RNA interference-mediated c-MYC inhibition prevents cell growth and decreases sensitivity to radio- and chemotherapy in childhood medulloblastoma cells
André O von Bueren, Tarek Shalaby, Christoph Oehler-J?nne, Lucia Arnold, Duncan Stearns, Charles G Eberhart, Alexandre Arcaro, Martin Pruschy, Michael A Grotzer
BMC Cancer , 2009, DOI: 10.1186/1471-2407-9-10
Abstract: To study the role of c-MYC in MB biology, we down-regulated c-MYC expression by using small interfering RNA (siRNA) and investigated changes in cellular proliferation, cell cycle analysis, apoptosis, telomere maintenance, and response to ionizing radiation (IR) and chemotherapeutics in a representative panel of human MB cell lines expressing different levels of c-MYC (DAOY wild-type, DAOY transfected with the empty vector, DAOY transfected with c-MYC, D341, and D425).siRNA-mediated c-MYC down-regulation resulted in an inhibition of cellular proliferation and clonogenic growth, inhibition of G1-S phase cell cycle progression, and a decrease in human telomerase reverse transcriptase (hTERT) expression and telomerase activity. On the other hand, down-regulation of c-MYC reduced apoptosis and decreased the sensitivity of human MB cells to IR, cisplatin, and etoposide. This effect was more pronounced in DAOY cells expressing high levels of c-MYC when compared with DAOY wild-type or DAOY cells transfected with the empty vector.In human MB cells, in addition to its roles in growth and proliferation, c-MYC is also a potent inducer of apoptosis. Therefore, targeting c-MYC might be of therapeutic benefit when used sequentially with chemo- and radiotherapy rather than concomitantly.Medulloblastomas (MB) are the most common malignant pediatric neoplasms of the central nervous system. MB constitute 20% of all pediatric brain tumors [1] and are characterized by their aggressive clinical behavior and a high risk of leptomeningeal dissemination. With current treatment strategies, nearly half of all patients eventually die from progressive tumors. Accordingly, the identification of novel therapeutic strategies remains a major goal.The c-MYC proto-oncogene encodes a nuclear phosphoprotein involved in the transcription of genes central to regulating the cell cycle [2-4], proliferation [5,6], apoptosis [7-9], telomere maintenance [10,11], angiogenesis [12], and differentiation [13]. Th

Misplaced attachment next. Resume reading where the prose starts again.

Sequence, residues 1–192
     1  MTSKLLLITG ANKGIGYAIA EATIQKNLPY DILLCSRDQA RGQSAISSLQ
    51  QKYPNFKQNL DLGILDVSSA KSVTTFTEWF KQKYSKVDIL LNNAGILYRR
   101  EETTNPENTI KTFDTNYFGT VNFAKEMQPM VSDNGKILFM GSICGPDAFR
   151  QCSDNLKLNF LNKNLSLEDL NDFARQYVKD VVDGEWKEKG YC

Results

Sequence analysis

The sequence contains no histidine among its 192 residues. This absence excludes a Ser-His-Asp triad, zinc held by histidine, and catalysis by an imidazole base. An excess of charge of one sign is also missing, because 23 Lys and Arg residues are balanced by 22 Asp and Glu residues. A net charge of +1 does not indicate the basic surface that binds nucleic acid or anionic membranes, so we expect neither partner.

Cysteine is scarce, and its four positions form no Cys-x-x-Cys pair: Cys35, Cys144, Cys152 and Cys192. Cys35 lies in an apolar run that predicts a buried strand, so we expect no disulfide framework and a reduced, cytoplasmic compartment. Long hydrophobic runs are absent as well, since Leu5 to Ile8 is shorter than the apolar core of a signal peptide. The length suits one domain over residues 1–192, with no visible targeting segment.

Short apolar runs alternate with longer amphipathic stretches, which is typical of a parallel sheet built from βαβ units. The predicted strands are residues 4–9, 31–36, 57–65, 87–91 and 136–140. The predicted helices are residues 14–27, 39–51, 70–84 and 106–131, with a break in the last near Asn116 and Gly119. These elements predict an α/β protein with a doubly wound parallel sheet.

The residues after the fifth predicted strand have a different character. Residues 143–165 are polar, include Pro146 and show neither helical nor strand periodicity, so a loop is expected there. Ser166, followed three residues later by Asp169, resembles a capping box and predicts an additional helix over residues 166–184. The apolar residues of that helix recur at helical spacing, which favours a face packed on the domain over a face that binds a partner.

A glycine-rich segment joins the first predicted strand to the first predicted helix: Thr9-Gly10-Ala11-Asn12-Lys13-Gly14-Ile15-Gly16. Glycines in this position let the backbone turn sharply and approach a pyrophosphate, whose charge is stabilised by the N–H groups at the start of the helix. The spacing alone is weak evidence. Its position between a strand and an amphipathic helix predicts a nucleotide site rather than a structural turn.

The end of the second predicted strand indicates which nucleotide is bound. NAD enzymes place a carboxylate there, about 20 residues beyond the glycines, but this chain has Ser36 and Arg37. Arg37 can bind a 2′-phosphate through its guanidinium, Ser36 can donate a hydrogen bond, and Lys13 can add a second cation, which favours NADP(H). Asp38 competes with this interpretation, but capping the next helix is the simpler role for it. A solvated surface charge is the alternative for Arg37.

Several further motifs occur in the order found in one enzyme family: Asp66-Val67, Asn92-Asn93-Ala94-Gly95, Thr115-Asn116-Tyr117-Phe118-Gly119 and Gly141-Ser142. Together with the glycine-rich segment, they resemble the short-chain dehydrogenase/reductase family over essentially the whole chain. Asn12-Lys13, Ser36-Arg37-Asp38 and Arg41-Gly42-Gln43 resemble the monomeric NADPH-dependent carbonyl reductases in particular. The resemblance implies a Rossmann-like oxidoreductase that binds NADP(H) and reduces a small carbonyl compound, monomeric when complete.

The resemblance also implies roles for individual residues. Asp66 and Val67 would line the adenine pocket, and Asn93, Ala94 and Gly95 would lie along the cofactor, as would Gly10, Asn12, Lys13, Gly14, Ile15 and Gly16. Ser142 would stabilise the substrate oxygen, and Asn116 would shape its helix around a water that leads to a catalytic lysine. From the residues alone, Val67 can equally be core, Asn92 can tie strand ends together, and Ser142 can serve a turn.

c-MYC expression sensitizes medulloblastoma cells to radio- and chemotherapy and has no impact on response in medulloblastoma patients
André O von Bueren, Christoph Oehler, Tarek Shalaby, Katja von Hoff, Martin Pruschy, Burkhardt Seifert, Nicolas U Gerber, Monika Warmuth-Metz, Duncan Stearns, Charles G Eberhart, Rolf D Kortmann, Stefan Rutkowski, Michael A Grotzer
BMC Cancer , 2011, DOI: 10.1186/1471-2407-11-74
Abstract: We used DAOY and UW228 human MB cells engineered to stably express different levels of c-MYC, and tested whether c-MYC expression has an effect on radio- and chemosensitivity using the colorimetric 3-(4,5-dimethylthiazol-2-yl)-5-(3-carboxymethoxyphenyl)-2-(4-sulfophenyl)-2H-tetrazolium inner salt (MTS) assay, clonogenic survival, apoptosis assays, cell cycle analysis, and western blot assessment. In an effort to validate our results, we analyzed c-MYC mRNA expression in formalin-fixed paraffin-embedded tumor samples from well-documented patients with postoperative residual tumor and compared c-MYC mRNA expression with response to radio- and chemotherapy as examined by neuroradiological imaging.In DAOY - and to a lesser extent in UW228 - cells expressing high levels of c-MYC, the cytotoxicity of cisplatin, and etoposide was significantly higher when compared with DAOY/UW228 cells expressing low levels of c-MYC. Irradiation- and chemotherapy-induced apoptotic cell death was enhanced in DAOY cells expressing high levels of c-MYC. The response of 62 of 66 residual tumors was evaluable and response to postoperative radio- (14 responders (CR, PR) vs. 5 non-responders (SD, PD)) or chemotherapy (23 CR/PR vs. 20 SD/PD) was assessed. c-MYC mRNA expression was similar in primary MB samples of responders and non-responders (Mann-Whitney U test, p = 0.50, ratio 0.49, 95% CI 0.008-30.0 and p = 0.67, ratio 1.8, 95% CI 0.14-23.5, respectively).c-MYC sensitizes MB cells to some anti-cancer treatments in vitro. As we failed to show evidence for such an effect on postoperative residual tumors when analyzed by imaging, additional investigations in xenografts and larger MB cohorts may help to define the exact function of c-MYC in modulating response to treatment.Medulloblastomas (MB) are the most common malignant brain tumors of childhood and constitute 20% of all pediatric brain tumors [1]. Progress in the treatment of MB has been achieved in multiple areas including neurosurgical tech